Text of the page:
University of Leicester eBulletin

New Study Highlights Diabetes Threat to Quality of Life

March 2003
No 101
 

Research reveals more years with disability for older diabetics

Older people aged 65 with diabetes live on average 6 years less than their counterparts without diabetes and spend fewer years active, concludes a University of Leicester-led study reported in the latest edition of the Journal of Public Health Medicine.

Researchers from the Universities of Leicester, Nottingham and Sheffield and the National Demography Institute in Paris used information from routine health checks of the over-75 year olds as part of the larger Melton Mowbray Ageing Project, in association with the Latham House Medical Practice.

They calculated active life expectancy, able to perform basic personal care activities, such as bathing, dressing and mobility around the house, and found that by the age of 85 diabetics spent 32% of their remaining life active compared to 42% for those without diabetes.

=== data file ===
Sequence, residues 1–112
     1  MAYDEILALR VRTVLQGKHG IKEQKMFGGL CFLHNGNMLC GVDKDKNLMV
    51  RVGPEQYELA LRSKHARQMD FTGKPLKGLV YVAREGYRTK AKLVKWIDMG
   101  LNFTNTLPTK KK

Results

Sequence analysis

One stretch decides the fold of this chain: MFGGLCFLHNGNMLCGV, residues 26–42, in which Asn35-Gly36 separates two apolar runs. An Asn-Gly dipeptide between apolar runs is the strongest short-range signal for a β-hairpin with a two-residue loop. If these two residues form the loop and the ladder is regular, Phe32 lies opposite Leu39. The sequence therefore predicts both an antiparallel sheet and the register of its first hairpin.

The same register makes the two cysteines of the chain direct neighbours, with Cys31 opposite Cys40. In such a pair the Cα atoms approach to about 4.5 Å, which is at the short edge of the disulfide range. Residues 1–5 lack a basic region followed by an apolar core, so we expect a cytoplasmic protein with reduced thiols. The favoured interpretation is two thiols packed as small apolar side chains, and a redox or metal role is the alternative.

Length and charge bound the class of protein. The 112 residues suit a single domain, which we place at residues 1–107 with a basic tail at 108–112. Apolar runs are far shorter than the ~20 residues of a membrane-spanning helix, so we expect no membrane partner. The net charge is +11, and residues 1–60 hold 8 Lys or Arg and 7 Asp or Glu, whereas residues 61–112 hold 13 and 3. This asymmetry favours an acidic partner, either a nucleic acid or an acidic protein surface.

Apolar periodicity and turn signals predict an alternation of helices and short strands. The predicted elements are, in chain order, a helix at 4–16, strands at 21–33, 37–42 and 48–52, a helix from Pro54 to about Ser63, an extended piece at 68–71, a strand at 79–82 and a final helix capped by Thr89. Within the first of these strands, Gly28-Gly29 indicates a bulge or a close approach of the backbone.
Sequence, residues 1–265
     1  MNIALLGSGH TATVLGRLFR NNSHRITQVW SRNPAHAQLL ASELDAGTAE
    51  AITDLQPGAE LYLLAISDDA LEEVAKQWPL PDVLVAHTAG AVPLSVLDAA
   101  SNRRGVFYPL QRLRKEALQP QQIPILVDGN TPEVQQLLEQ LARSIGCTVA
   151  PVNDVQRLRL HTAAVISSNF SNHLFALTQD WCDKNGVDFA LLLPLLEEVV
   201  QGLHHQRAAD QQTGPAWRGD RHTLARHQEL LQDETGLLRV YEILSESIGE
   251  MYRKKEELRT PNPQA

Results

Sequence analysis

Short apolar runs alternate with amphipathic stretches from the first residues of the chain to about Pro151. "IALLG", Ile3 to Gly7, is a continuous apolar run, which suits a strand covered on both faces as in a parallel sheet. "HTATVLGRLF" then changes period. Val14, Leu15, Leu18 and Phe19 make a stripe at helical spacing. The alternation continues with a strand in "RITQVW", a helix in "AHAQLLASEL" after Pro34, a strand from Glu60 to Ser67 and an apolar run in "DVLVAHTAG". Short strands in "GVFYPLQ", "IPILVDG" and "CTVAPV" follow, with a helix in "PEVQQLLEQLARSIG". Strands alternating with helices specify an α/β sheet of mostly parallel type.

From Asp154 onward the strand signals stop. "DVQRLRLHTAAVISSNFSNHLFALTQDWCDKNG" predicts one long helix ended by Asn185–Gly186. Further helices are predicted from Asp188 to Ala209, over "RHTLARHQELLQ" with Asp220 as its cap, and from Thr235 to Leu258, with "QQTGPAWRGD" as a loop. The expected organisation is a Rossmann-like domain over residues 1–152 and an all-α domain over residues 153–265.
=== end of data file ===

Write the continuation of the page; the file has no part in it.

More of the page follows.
Professor Carol Jagger, Professor of Epidemiology at the University of Leicester who led the research team, said: “The continued rise in life expectancy and the increase in obesity will result in greater numbers of older people with diabetes, with a major impact on health service use in the future.

She concluded “We have demonstrated how Primary Care Trusts can monitor the health of their older people through Healthy Active Life Expectancy, a key target for the National Service Framework for Older People”. 

NOTE TO NEWSDESK:  Further information is available from Professor Carol Jagger, Professor of Epidemiology, Department of Epidemiology and Public Health, University of Leicester, telephone +44 (0)116 252 3211, FAX +44 (0)116 252 3272, email cxj@le.ac.uk

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Last updated: March 2003
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